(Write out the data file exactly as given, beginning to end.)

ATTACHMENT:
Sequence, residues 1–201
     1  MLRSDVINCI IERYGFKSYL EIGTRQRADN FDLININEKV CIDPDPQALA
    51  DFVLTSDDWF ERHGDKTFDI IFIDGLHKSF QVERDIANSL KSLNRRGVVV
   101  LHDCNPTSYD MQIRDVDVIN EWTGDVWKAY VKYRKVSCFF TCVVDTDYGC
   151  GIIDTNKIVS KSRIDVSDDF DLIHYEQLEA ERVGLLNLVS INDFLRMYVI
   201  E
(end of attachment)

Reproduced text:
Sequence, residues 1–201
     1  MLRSDVINCI IERYGFKSYL EIGTRQRADN FDLININEKV CIDPDPQALA
    51  DFVLTSDDWF ERHGDKTFDI IFIDGLHKSF QVERDIANSL KSLNRRGVVV
   101  LHDCNPTSYD MQIRDVDVIN EWTGDVWKAY VKYRKVSCFF TCVVDTDYGC
   151  GIIDTNKIVS KSRIDVSDDF DLIHYEQLEA ERVGLLNLVS INDFLRMYVI
   201  E